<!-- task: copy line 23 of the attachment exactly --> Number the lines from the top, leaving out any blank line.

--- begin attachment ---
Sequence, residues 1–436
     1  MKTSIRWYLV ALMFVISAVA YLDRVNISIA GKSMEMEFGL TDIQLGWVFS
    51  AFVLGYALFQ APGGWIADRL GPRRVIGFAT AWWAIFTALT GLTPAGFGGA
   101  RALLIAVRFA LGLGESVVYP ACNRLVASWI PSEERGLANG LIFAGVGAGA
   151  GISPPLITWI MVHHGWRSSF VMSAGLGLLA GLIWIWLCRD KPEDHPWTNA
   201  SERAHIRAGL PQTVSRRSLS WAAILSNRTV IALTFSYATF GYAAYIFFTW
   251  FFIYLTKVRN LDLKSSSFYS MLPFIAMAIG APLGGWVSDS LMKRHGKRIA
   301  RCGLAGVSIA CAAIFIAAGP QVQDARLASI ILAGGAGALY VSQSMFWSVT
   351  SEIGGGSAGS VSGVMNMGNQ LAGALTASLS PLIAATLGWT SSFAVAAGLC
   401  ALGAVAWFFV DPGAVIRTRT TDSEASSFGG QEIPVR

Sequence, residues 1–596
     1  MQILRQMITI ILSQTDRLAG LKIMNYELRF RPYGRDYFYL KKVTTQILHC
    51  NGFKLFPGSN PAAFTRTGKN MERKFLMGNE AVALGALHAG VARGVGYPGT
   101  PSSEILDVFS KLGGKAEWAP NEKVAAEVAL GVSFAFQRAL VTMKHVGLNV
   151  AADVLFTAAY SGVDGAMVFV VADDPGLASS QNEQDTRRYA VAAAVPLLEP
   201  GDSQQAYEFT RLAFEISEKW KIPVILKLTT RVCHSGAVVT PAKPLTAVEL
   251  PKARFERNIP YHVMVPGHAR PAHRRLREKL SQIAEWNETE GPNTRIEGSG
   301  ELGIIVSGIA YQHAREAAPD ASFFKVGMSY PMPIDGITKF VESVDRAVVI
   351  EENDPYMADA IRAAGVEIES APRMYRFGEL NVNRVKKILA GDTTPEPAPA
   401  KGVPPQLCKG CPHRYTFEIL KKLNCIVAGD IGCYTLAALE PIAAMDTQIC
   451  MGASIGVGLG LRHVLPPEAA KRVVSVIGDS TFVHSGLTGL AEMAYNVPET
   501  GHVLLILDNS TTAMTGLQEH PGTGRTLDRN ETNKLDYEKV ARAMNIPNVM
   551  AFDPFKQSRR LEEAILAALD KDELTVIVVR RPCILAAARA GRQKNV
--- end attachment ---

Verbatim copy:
   551  AFDPFKQSRR LEEAILAALD KDELTVIVVR RPCILAAARA GRQKNV